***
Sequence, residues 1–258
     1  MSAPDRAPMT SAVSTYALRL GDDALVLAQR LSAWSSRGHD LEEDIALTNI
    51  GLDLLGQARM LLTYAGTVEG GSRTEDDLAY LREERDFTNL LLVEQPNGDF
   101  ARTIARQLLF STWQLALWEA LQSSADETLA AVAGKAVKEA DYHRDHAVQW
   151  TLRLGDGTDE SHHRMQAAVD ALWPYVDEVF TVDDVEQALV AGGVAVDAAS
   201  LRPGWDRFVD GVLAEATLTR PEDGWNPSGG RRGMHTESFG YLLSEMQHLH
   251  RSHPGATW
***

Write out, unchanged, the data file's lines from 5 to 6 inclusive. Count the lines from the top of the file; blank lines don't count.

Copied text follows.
   151  TLRLGDGTDE SHHRMQAAVD ALWPYVDEVF TVDDVEQALV AGGVAVDAAS
   201  LRPGWDRFVD GVLAEATLTR PEDGWNPSGG RRGMHTESFG YLLSEMQHLH